# What is the derivative of an iterated product like $\frac{d}{dx}\prod \limits_{i=0}^n \ln(y_i^{x - 1})$?

Suppose the following function with pi notation, with the pi denoting the iterated product, multiplying from $$i = 0$$ to $$i = n$$:

$$\prod_{i=0}^n \ln(y_i^{x - 1})$$

That is, the natural logarithm of $$y$$, subscripted by $$i$$, to the power of $$x - 1$$.

What is the derivative of this product - to be clear, its derivative with respect to $$x$$, not $$y$$?

• For future reference, it is preferred you write your posts in MathJax on MSE. I have already done that for you, with some rewording and such to clarify your intent. Generally, though, it will be preferred if you include your own attempts at this problem in your post - people on MSE respond better when you include your own attempts and work, your own understanding of the problem, and the context where this pops up. As-is, I feel your post will likely accumulate downvotes and close votes despite my edits. You're more than welcome to edit your post to include these details though. – Eevee Trainer Mar 1 '19 at 2:28
• A few further comments, now on the problem itself. What are the $y_i$'s, necessarily? Also, have you considered simply brute forcing with the product rule? There's a generalization for when you have more than $2$ functions as a product and you're trying to take the derivative of them. It's touched on in this MSE post -- math.stackexchange.com/questions/1348251/… – Eevee Trainer Mar 1 '19 at 2:30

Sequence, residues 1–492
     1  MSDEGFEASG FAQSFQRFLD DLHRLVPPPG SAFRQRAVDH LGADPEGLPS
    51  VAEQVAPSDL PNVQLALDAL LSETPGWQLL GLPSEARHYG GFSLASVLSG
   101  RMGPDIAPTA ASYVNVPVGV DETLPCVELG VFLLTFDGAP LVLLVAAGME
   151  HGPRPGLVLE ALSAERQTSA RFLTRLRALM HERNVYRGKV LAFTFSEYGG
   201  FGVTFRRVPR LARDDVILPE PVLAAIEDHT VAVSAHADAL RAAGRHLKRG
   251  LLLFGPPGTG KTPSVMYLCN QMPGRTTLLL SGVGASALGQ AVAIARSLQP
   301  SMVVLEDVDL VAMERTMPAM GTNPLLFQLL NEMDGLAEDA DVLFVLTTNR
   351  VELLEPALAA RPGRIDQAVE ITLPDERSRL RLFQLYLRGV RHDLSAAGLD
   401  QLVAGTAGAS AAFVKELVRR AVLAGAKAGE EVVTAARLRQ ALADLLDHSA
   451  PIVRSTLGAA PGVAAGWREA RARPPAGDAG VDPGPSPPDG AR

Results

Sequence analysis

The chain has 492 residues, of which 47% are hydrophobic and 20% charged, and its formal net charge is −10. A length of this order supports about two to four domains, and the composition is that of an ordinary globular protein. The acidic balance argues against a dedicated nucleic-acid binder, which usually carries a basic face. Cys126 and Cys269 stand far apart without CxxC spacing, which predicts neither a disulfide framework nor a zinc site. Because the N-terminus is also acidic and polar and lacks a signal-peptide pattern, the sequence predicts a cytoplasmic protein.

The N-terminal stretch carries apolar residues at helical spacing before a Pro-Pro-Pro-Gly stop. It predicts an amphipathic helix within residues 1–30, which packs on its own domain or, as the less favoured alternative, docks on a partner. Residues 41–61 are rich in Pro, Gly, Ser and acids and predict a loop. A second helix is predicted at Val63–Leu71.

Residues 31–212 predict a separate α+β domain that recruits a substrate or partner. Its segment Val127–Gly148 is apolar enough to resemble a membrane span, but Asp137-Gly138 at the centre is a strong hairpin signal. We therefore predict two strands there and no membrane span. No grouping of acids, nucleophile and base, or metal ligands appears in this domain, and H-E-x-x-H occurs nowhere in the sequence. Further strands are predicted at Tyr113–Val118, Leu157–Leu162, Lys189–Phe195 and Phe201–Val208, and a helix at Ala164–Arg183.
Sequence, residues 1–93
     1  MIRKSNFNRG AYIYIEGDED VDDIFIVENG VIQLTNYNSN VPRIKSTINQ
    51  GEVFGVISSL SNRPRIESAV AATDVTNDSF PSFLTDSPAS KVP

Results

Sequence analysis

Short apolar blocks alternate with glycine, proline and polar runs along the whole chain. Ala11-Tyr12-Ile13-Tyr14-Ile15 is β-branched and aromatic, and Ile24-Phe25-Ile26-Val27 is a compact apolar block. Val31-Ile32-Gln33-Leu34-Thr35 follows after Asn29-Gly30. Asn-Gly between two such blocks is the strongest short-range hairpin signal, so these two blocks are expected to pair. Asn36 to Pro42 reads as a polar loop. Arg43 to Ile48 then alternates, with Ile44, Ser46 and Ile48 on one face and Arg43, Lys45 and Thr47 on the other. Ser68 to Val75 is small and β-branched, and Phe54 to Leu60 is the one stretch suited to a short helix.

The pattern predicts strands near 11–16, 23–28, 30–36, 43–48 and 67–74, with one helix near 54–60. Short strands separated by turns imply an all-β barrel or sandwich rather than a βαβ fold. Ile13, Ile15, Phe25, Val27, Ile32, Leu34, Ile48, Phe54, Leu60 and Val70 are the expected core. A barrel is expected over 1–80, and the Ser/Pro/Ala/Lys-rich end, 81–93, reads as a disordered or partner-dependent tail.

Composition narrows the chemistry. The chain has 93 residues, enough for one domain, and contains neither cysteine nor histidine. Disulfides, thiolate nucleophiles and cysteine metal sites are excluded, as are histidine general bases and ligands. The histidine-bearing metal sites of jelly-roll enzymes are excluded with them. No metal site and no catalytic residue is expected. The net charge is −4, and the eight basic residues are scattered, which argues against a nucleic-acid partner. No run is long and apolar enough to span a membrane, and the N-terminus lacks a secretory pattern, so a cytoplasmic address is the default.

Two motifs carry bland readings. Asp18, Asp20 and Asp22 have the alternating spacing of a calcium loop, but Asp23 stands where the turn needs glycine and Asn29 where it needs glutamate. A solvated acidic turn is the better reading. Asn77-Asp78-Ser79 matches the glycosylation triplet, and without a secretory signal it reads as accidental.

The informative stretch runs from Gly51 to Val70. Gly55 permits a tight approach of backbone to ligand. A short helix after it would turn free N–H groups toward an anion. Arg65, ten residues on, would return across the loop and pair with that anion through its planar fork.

• Hi sorry this is my first post on MSE so I didn't know to use MathJax. Thank you for editing. I am not able to solve this as I don't understand how to proceed, and searching for the answer has proved fruitless thus I posted here. – user8115948 Mar 1 '19 at 2:35

## 3 Answers

We don't even need a product rule. We have \begin{align*} g(x) = \prod_{i=0}^{n}\ln(y_i^{x-1}) = (x-1)^{n+1}\prod_{i=1}^{n}\ln(y_i) \end{align*} And so \begin{align*} \frac{d}{dx} g(x) = (n+1)(x-1)^{n}\prod_{i=0}^{n}\ln(y_i) \end{align*}

• Very well done! +1 – clathratus Mar 1 '19 at 5:07

Define $$\alpha=\prod_{i=0}^n \ln(y_i)$$. Note that $$\alpha$$ is simply a constant. Use logarithm properties, use the power rule for derivatives and you're done.

$$f(x)=\prod_{i=0}^{n}\ln{y_i}^{x-1}=\prod_{i=0}^{n}(x-1)\ln{y_i}$$$$\alpha(x-1)^{n+1}\implies \dfrac{\mathrm df}{\mathrm dx}=\alpha(n+1)(x-1)^n$$ $$\boxed{\dfrac{\mathrm d}{\mathrm dx}\prod_{k=0}^n \ln{y_i}^{x-1}=(n+1)(x-1)^n\prod_{k=0}^n\ln y_i}$$

Let $$f(x)=\prod_{i=0}^{n}f_i(x)$$ and let $$g^{(m)}(x)=\left(\frac{d}{dx}\right)^mg(x),\qquad m=0,1,2,...$$ as well as $$\delta_{ij}$$ denote the Kronecker Delta.

We have that $$f'(x)=\sum_{i=0}^{n}\prod_{j=0}^{n}f_j^{(\delta_{ij})}(x)=\sum_{i=0}^{n}\frac{f_i'(x)}{f_i(x)}f(x)$$ We use this with the choice $$f_i(x)=\ln(y_i^{x-1})=(x-1)\ln y_i$$ which gives $$f_i'(x)=\ln y_i$$ So $$f'(x)=\sum_{i=0}^{n}\frac{1}{x-1}\prod_{j=0}^{n}(x-1)\ln y_j$$ $$f'(x)=(x-1)^n\sum_{i=0}^{n}\prod_{j=0}^{n}\ln y_j$$ $$f'(x)=(x-1)^n\left(\sum_{i=0}^{n}1\right)\prod_{j=0}^{n}\ln y_j$$ $$f'(x)=(n+1)(x-1)^n\prod_{j=0}^{n}\ln y_j$$